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Humboldt Bay

Nestled on Eureka's Coast

Humboldt Bay

With a surface area of about 16,000 acres at high tide, Humboldt Bay is one of the largest estuaries in California, second only to San Francisco Bay. Despite its size and prominent location, however, it remains a largely undiscovered gem. Only those who have taken the time to turn off the main highway to explore it can appreciate its many hidden facets. Much of what we see today is a reflection of the early commercial development of the bay and the surrounding territory. Among the many exciting and often overlooked attractions Humboldt Bay offers visitors and residents alike are the carefully preserved waterfront reflecting its colorful history, a pristine environment that is the home to year-round and seasonal wildlife, and a variety of recreational opportunities.

Historic Waterfront, Old Town Eureka

Extensive historical preservation efforts by dedicated volunteers have ensured that much of the past has been lovingly retained and restored. The historic waterfront district of Old Town preserves buildings dating back to the 19th century. A stroll through the area reveals not only classic examples of past architectural styles, but innovative uses of the old structures that ensure their survival as they house today's shops, museums, restaurants and other businesses. Walking and horse-drawn carriage tours provide unique insights into the colorful past and its legacy.

Pristine Environment for Wildlife

Humboldt Bay has been preserved by the efforts of many dedicated agencies, organizations and individuals who have united to ensure that it is an inviting home or resting spot for many species of wildlife. The bay's waters are so clean that its shellfish may be eaten raw, straight from the bay.

Because Humboldt Bay is an estuary, freshwater influence from the streams and sloughs that run into it increases during the winter rainy season. Incoming tides, however, continually bring in fish and many invertebrates such as jellyfish, crabs and shrimp. Dolphins, porpoises (yes, they're different from each other), seals and sea lions follow the fish and invertebrates into the bay. The sea lions are semi-permanent residents, while the others tend to be temporary visitors.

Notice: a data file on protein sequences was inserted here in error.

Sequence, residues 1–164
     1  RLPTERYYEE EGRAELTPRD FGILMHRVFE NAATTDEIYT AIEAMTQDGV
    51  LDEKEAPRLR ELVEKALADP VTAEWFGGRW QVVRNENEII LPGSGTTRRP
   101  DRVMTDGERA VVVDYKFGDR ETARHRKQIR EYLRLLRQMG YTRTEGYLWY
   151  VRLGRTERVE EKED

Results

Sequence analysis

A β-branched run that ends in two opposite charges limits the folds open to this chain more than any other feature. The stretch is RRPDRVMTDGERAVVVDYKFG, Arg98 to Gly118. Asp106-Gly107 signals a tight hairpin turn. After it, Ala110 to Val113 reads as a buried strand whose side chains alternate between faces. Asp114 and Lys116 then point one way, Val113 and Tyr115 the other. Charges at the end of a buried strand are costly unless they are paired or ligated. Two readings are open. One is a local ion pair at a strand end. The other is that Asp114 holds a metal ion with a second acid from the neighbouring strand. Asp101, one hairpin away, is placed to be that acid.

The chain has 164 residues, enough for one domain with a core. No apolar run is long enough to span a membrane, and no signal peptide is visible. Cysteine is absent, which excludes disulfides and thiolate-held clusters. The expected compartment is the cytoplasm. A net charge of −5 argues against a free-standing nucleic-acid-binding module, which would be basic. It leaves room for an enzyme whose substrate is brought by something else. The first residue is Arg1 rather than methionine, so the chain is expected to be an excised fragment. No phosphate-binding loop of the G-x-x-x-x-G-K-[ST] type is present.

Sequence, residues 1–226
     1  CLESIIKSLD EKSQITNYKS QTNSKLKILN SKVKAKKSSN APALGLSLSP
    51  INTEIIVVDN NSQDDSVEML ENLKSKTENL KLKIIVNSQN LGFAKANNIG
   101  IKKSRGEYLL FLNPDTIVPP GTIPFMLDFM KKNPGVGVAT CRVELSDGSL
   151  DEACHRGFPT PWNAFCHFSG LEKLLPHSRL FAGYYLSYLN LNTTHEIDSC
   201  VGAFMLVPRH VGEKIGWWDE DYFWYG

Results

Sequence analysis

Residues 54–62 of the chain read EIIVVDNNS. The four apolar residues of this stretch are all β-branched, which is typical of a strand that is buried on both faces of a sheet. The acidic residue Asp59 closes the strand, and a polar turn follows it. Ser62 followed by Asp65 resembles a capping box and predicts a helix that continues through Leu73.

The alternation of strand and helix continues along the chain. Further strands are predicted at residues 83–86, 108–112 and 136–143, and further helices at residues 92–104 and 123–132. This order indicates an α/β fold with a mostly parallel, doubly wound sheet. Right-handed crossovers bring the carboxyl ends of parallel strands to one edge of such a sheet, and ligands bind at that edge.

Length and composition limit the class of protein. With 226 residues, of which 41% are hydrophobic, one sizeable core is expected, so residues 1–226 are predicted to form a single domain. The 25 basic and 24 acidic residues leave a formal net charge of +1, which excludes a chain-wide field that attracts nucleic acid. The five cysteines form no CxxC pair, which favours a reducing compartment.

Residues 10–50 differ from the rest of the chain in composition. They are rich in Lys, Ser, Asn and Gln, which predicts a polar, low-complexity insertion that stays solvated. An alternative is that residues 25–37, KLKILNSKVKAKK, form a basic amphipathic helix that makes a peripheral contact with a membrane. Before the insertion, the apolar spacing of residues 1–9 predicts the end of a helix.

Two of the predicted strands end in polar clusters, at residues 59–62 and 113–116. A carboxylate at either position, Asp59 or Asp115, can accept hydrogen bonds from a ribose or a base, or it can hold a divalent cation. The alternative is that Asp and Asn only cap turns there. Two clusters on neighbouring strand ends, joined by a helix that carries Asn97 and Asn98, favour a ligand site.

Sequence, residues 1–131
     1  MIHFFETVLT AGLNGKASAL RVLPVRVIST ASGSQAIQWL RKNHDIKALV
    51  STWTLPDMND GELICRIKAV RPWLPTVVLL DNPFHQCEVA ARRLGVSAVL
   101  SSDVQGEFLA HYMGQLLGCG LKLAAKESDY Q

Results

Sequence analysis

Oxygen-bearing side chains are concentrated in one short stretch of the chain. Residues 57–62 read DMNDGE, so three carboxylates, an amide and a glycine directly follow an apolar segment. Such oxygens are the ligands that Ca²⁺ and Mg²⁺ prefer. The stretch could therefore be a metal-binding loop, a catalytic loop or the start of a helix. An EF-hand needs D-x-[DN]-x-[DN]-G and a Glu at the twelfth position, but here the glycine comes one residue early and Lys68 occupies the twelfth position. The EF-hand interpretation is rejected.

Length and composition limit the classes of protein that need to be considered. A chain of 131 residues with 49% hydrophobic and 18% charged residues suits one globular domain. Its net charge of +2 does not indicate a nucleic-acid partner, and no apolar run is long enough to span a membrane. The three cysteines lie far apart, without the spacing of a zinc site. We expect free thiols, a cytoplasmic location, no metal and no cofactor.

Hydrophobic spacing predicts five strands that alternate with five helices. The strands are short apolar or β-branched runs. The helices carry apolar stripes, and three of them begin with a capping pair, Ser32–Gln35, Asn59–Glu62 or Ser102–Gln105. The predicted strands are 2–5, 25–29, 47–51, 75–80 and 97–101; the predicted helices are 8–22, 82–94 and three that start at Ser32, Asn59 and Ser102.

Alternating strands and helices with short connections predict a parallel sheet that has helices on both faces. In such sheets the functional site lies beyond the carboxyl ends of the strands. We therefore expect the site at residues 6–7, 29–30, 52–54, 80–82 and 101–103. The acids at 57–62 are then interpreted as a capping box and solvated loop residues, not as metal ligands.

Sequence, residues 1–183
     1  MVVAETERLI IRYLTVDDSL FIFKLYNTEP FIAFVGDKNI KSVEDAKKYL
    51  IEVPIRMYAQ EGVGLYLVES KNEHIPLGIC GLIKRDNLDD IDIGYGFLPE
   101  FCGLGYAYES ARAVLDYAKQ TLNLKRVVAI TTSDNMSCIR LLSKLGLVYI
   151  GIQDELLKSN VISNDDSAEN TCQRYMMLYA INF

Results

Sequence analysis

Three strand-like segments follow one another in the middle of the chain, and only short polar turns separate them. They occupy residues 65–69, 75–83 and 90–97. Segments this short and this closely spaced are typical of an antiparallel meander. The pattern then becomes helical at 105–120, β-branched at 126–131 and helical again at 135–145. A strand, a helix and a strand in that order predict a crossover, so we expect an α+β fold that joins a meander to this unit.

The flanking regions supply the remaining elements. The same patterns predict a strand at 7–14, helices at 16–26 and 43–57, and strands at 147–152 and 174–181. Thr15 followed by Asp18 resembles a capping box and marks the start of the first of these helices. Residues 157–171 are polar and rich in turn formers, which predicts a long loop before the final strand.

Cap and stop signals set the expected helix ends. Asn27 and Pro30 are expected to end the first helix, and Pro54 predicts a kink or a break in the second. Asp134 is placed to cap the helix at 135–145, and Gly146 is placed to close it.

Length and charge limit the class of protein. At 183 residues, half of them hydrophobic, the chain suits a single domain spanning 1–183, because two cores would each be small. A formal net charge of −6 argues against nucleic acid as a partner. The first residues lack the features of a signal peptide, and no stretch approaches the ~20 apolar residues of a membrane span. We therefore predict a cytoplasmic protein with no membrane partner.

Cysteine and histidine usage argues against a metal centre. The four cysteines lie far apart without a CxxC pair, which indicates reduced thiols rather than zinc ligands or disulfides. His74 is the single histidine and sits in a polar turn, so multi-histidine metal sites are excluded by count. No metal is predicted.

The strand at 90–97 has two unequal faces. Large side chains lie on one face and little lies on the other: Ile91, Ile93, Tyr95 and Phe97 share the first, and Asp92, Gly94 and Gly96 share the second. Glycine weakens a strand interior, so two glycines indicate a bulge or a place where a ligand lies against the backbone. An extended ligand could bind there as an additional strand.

Humboldt Bay is a major resting point along the Pacific Flyway utilized by migrating birds. More than 250 species of birds can be found here, and bird-watching is a year-round activity. Popular bird-watching areas include the Humboldt Bay National Wildlife Refuge in southern Humboldt Bay, Fay Slough Wildlife Area (FSWA) north of Eureka, Elk River Wildlife Area and PALCO Marsh in southern Eureka, the Arcata Marsh and Wildlife Sanctuary, and the Mad River Slough Wildlife Area west of Arcata. Interpretive centers that are the starting points for frequently-scheduled wildlife walks are located at the Humboldt Bay National Wildlife Refuge and at the Arcata Marsh and Wildlife Sanctuary.

Sport Fishing, Clamming and Crabbing

Humboldt Bay supports over 100 species of marine and estuarine fish, including green sturgeon, coho salmon, Chinook salmon, steelhead and cutthroat trout, which spawn and rear in the watershed of the tributaries that feed the bay. Green sturgeon, coho salmon, and a number of other species are protected. Anglers in Humboldt Bay usually favor California halibut, surf perch, jacksmelt, Chinook (“King”) salmon and leopard sharks. Bat rays, although not good eating fish, are popular for “catch and release.” Humboldt Bay offers numerous opportunities for fishing by boat and from shore.

Clammers find very productive habitat for a number of different species of clam including littleneck, gaper and Martha Washington. The bay is also an ideal habitat for oysters, supporting the largest commercial oyster-producing area in California. Seasonally, Dungeness and red rock crabs are caught in the bay.

Recreational fishing, clamming and crabbing are regulated by the California Department of Fish and Wildlife. Before undertaking these activities, be sure to consult current Fish and Wildlife regulations for licensing, seasons, size limits, bag limits and legal fishing gear.


Although Humboldt Bay is a deep water port with harbor facilities including large industrial docks at Fairhaven, Samoa and Fields Landing, opportunities for recreational boating abound in it as well. Sailboats and yachts are plentiful. There are numerous launching facilities all around the bay, and marinas for berthing a wide array of pleasure craft. Woodley Island is home to Humboldt Bay Harbor District's Marina, and the City of Eureka's Public Marina at Old Town is another excellent place to moor your boat temporarily or on a year-round basis. Canoes and kayaks are also very popular, and are often used for exploring the salt marshes that ring the bay. Tours to these areas are regularly offered.

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